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CLEVELAND (AP) — Donald Trump and Hillary Clinton triumphed Tuesday in Florida’s presidential primaries, capturing the biggest prize on a crucial day of voting and showcasing the strength of the two front-runners. Trump’s victory was a devastating blow to Marco Rubio, ending the Florida senator’s once-promising White House campaign.
Rubio implicitly rebuked Trump throughout a speech announcing he was dropping out of the race, imploring Americans to “not give in to the fear, do not give in to the frustration.”
Rubio, a favorite of Republican leaders, is the latest candidate to fall victim to an unpredictable election cycle and Trump’s unmatched ability to tap into the public’s anger with Washington and frustration with sweeping economic changes.
Clinton also picked up a win in North Carolina, while Trump was locked in a close contest there with Texas Sen. Ted Cruz. Votes were also being counted in Ohio, Missouri and Illinois, but all were too close to call as polls closed.
Republicans were keeping an especially close eye on Ohio, where Trump was locked in a close race with the state’s governor, John Kasich. A victory for the billionaire businessman in Ohio could put him on the clear pathway to the GOP nomination, with few opportunities for his remaining rivals to stop his stunning rise.
In Florida’s winner-take-all Republican primary, he won 99 delegates.
Clinton, too, was looking to pull away from rival Bernie Sanders in Tuesday’s contests. While Clinton holds a comfortable lead in the delegate count, Sanders was eager for a burst of momentum from Ohio that could build on his surprising win last week in Michigan.
Reprising a theme that helped propel that victory, Sanders has pounded Clinton’s past support for trade deals such as the North American Free Trade Agreement, which he says has been a job-killer in the U.S.
“When it came down whether you stand with corporate America, the people who wrote these agreements, or whether you stand with the working people of this country, I proudly stood with the workers,” Sanders said during a campaign stop Tuesday in Ohio. “Secretary Clinton stood with the big money interests.”
According to early exit polls, Democratic voters were more likely to describe Sanders as honest, but more likely to describe Clinton’s policies as realistic.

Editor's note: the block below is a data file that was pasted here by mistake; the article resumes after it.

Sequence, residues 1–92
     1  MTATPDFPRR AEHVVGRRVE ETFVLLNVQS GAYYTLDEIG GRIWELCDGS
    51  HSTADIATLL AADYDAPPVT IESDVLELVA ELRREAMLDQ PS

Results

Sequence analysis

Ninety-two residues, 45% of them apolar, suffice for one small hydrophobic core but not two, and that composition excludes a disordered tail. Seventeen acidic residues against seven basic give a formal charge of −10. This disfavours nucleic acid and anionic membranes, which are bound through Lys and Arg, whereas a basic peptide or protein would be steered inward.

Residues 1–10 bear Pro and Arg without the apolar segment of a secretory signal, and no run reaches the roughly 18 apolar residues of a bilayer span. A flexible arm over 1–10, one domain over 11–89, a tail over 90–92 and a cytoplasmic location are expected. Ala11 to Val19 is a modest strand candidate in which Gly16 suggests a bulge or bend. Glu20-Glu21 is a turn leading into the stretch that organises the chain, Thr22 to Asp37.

Campaigning Tuesday in North Carolina, Clinton said “the numbers are adding up in my favor.” She signaled an eagerness to move on to a possible general election showdown with Trump, saying he’s laid out a “really dangerous path” for the country.
Trump entered Tuesday’s primaries embroiled in one of the biggest controversies of his contentious campaign. The GOP front-runner has encouraged supporters to confront protesters at his events and is now facing accusations of encouraging violence after skirmishes at a rally last week in Chicago.
The vibe at Trump’s events has deepened the concern over his candidacy in some Republican circles. Rubio and Kasich have suggested they might not be able to support Trump if he’s the nominee, an extraordinary stance for intraparty rivals.
Trump’s closest competition so far has come from Texas Sen. Ted Cruz, who is keeping close to the businessman in the delegate count. Cruz has been urging Rubio and Kasich to step aside and let him get into a one-on-one race.
Even before Tuesday’s results, however, a group of conservatives was planning a meeting to discuss options for stopping Trump, including at a contested convention or by rallying around a third-party candidate. While such no candidate has been identified, the participants in Tuesday’s meeting planned to discuss ballot access issues, including using an existing third party as a vehicle or securing signatures for an independent bid.
A person familiar with the planning confirmed the meeting on the condition of anonymity because they were not authorized to discuss the gathering by name.
If Trump sweeps Tuesday’s contests, he’ll cross an important threshold with more than 50 percent of the delegates awarded so far.
Despite concerns from party leaders, Republican voters continue to back Trump’s most controversial proposals, with two-thirds of those who participated in GOP primaries Tuesday saying they support temporarily banning Muslims from the United States.
The exit polls were conducted by Edison Research for The Associated Press and television networks.
Trump’s Florida victory brought his delegate total to 568. Cruz has 370 delegates, Rubio has 163 and Kasich has 63. It takes 1,237 to win the GOP nomination.
Clinton has at least 1,353 delegates, including the superdelegates who are elected officials and party leaders free to support the candidate of their choice. Sanders has at least 625. It takes 2,383 to win the Democratic nomination.